4 types of kitchen design
The kitchen is one of the most important spaces in a home, (besides the Bathroom and Bedroom). It's the place where you spend time with friends or family and talk while preparing a meal.
Back in the day, the kitchen was a separate room in the back part of the home, away from any social event. Nowadays, this room has become a big part of the Living Room, so much so that you rarely see one without the other. In today's day and age, the kitchen has become a place of social gathering, a place where people spend time together, eat, talk and laugh together. You could even say it is the heart of the home!
That's why I believe it's important for you to know what type of kitchen works for you, especially if you are planning on renovating yours!
TYPES OF KITCHEN
A kitchen can have a distinctive layout depending on the space to which it is confined to. A house can either be small or big and the kitchen can be scaled to fit a certain space. That's why there are many different types of kitchens out there, but there are 4 main designs that you need to know about!
This type of kitchen is often used in small spaces such as flats but can be also found in small homes. It is usually an open-plan space. It contains all the necessary (minimum) appliances and storage units that a kitchen needs and it's all in a straight line., hence the name.
Just like the single line kitchen, this type of layout is often found alongside two separate walls of a room, opposite to each other or on a single wall and an island worktop. The advantage of such a kitchen is that it provides more storage space and working area while also allowing for social activities (if in an open-plan space). Often, the island doubles up as a small bar-dining area and can have appliances integrated (depending on the space).
The distance between the two worktops may vary due to the structural restrictions of the home, but the minimum distance needed is 1,20 metres. Why so much? Because it's the minimum space in which 2 people can work in the kitchen at the same time, pass each other or open drawers without knocking one another.
Found in homes with moderate space and/or open-plan spaces, this type of kitchen is often designed across two consecutive walls, but can also use just one wall and have the other worktop extend as a joined island. This space is very inviting, allows for easy social interactions and makes the most out of the "kitchen triangle" (more on that below).
This kitchen can be designed in a room or as part of an open-planed living room on 2/3 consecutive walls or 2 walls and a connected island. The U-shaped kitchen is usually used by bigger families who need to cook often and in higher quantities. This does not mean that it cannot be used in smaller spaces as well by fewer people. The U-shaped kitchen allows for a big working area meaning more than 2 people can be in that space at the same time and reduce the time spend doing the cooking.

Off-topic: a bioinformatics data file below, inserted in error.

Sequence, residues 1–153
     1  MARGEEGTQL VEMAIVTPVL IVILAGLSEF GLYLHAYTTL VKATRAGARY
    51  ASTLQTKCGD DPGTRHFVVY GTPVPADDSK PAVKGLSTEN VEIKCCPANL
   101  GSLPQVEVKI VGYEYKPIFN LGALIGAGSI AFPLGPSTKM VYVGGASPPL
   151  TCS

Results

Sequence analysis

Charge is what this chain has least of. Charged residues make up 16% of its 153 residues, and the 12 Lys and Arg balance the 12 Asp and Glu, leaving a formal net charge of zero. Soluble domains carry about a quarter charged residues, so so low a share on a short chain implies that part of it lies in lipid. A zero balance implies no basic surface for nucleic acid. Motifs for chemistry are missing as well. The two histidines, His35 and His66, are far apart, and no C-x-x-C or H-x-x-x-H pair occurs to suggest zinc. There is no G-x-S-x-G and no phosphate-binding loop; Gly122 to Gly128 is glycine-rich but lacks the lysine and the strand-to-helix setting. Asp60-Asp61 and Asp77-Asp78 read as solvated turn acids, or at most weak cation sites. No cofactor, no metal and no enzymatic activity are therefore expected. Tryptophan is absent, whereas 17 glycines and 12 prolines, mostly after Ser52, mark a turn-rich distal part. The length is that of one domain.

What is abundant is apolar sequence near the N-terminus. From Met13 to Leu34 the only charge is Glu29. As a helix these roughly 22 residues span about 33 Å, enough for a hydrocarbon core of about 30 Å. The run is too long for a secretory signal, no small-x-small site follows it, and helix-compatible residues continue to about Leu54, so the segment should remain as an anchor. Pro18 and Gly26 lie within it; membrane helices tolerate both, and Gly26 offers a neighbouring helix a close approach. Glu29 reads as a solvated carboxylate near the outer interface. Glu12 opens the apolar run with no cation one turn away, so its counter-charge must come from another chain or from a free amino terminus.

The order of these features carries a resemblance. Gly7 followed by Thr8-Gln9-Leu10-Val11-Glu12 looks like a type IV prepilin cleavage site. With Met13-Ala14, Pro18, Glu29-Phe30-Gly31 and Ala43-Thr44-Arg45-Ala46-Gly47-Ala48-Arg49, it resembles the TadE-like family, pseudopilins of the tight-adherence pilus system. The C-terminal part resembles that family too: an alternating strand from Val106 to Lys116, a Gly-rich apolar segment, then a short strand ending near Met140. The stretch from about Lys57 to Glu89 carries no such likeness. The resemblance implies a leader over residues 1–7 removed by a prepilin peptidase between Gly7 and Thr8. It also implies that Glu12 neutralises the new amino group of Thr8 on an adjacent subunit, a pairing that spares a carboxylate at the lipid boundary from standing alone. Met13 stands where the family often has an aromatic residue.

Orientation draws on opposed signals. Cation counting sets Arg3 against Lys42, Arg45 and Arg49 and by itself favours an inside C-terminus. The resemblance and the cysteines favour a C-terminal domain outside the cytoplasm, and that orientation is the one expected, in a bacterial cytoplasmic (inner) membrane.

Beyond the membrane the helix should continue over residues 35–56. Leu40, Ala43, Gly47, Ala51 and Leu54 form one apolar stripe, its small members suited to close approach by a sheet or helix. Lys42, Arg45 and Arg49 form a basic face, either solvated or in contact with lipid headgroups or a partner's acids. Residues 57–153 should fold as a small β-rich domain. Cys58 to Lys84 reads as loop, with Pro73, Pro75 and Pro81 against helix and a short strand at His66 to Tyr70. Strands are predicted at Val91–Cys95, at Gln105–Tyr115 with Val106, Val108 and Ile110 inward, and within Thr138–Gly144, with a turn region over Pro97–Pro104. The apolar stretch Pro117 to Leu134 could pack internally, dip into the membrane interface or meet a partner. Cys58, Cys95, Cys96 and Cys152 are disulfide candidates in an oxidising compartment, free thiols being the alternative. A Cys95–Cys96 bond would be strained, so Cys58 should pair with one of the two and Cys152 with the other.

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THE KITCHEN TRIANGLE
No kitchen should ever be designed without including the kitchen triangle concept. Even interior designers and architects alike use this essential concept when they design a kitchen (regardless if it's in an flat or a house), so you know it's pretty important.
So what is this triangle? The concept refers to a set of 3 imaginary lines that form between the most used appliances in the kitchen: the fridge, the sink and the hob. These lines need to be efficient, small (in distance) and functional. You need to be able to move around easily and not walk metres from the hob to the sink for example.
To achieve a workable kitchen triangle, the sum of these lines linking the 3 appliances needs to be between 3,60 metres and stretching to a maximum of 6,60 -7,00 metres (in big space). The line between the sink and the hob shouldn't exceed 1,80 metres.
The smaller the distance between these lines, the better that kitchen is.
So now that you know about the 4 main types of kitchen design and the importance of the kitchen triangle, you have the basic info to start designing your own kitchen.
How can you decide which type suits you best? Think about all the activities that you do in that space. Do you often cook or do you eat out? Do you need a lot of storage space? Do you often invite others to dinner and need to cook in bigger quantities? Do you entertain others while cooking? Do you cook alone or is there usually somebody else that helps you?
Answering these questions can be the starting point in helping you figure out which type of kitchen works best for you (before you start investing any money into it). It might be that, regardless of your dream to have an open-space island kitchen, it just cannot be done due to the lack of space or structural restrictions. In that case, you need to apply your needs to the actual space available and work with what you've got.
It's an interesting journey to be on, but if, for any reason, you find that it's a bit too much and you need some help with it, do let me know. I'd be happy to help!
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